Dang, I wish I was invited to that MVP Summit! I am hearing a lot of great enthusiasm for what LightSwitch is going to offer. <br><br>You nailed it in two words Michael, "Money talks". <br><br>My clients do not care about how sexy a LOB solution is going to be as long as it gets the job done. It's all about the value that the solution is going to deliver, and if that means a solution can be delivered in 75% less time, then that means 75% less cost to to shell out for something that is, say, more subjective or sexy. <br><br>Take Access for example. Look at how many businesses use Access today for LOB work. Do you think that if an enterprise was looking for a robust LOB solution that they would have considered Access in the first place? Probably not, but because the tool is so easy to use it provides a value proposition that a business can't ignore. Access is not a LightSwitch replacement, and may not be a good example for what I am trying to say, but I think you get the point.<br><br>My gut tells me to keep on top of LightSwitch. It's not an emotional thing, nor is it a subjective opinion thing either. It is because I know that there will be a demand for LightSwitch. I spent years as a very successful Business Analyst and I can tell you from years of experience and expertise, that there is going to be great opportunity here.<br><br>Cheers!<br><br>Paul<br>www.PaulSPatterson.com<br><br><br><br>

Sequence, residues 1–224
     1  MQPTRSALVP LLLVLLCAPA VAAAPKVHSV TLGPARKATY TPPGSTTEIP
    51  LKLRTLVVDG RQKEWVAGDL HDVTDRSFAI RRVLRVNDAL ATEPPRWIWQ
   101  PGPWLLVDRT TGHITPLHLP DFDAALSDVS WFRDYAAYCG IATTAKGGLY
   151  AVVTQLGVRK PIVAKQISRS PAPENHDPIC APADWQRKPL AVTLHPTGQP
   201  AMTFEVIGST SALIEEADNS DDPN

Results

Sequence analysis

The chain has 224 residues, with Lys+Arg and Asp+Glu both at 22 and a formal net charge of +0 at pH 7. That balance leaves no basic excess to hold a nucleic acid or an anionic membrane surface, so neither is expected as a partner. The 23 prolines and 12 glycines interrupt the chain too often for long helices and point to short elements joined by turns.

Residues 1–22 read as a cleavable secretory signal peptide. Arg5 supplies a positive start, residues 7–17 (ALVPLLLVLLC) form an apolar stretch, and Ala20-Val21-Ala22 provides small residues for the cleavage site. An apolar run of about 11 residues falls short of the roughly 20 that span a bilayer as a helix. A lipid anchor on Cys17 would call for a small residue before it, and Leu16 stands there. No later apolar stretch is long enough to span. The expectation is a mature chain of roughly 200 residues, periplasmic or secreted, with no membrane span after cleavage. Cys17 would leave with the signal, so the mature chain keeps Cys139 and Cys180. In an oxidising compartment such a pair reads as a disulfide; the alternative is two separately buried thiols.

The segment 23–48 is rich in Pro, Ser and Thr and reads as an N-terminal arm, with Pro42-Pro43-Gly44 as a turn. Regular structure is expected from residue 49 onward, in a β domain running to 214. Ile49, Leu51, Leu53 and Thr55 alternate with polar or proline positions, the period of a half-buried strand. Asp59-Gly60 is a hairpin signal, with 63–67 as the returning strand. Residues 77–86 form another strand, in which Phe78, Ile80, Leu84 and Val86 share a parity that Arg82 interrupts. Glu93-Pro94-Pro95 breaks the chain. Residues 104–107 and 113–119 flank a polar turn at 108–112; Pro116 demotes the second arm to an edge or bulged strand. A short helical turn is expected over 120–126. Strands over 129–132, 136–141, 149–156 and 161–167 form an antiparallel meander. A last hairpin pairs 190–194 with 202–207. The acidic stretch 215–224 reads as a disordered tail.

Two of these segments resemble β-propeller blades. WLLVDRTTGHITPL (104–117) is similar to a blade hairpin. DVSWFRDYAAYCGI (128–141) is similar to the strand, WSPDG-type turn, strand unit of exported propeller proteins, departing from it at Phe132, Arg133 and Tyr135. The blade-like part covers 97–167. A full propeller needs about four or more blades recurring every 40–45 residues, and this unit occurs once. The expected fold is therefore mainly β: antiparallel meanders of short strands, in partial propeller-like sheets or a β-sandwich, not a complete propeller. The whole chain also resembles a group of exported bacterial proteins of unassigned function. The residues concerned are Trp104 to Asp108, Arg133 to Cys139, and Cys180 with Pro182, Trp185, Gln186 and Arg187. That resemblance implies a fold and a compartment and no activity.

@MikeC - If I use the logic, "can I guarantee my app will never need (fill in the blank)" I will find myself spending time and money creating things I may never need.<br><br>I can build a LightSwitch application at a 75%+ savings over web forms and MVC. I can build it by myself so I don't have the problems that you have with any project that requires multiple developers.<br><br>My clients only care about an application that works and allows them to perform the business functions they need. The application needs to be affordable or they simply will just use Excel to perform the business function.<br><br>The truth is, that only a small fraction of business processes are done with web apps (even though they can be greatly improved by using a web app) because of the cost. Tell them that it will take 3 developers 3 weeks to create a MVC or web forms (or PHP) and they will simply perform the business process manually using Excel.<br><br>LightSwitch will allow us to create web deployed apps that would otherwise not be created. To not create these apps because they "may" need to be used on a IPad?<br><br>So I am simply asking, do you need this particular app to be used on an IPad? If not, pay me for 1-2 days of work and I will have your LOB app ready to go, period.<br><br>Trust me this argument will win every time. You will see a flood of LightSwitch apps. <br><br>Change is coming, it cannot be stopped.
Can you guarantee that your LOB app will NEVER have to run on the iPad or any other O/S or device that doesn't support Silverlight? That's why the best advice for green-field applications is that all apps are web apps until you can demonstrate a need for something only Silverlight or a WPF app can do that is either impossible to do with a web app or is inordinately difficult (defined as: costs the client money because their customers cannot or will not deal with the app and will go elsewhere).<br><br>As such, the assumption remains: new apps will be ASPNET MVC until proven otherwise.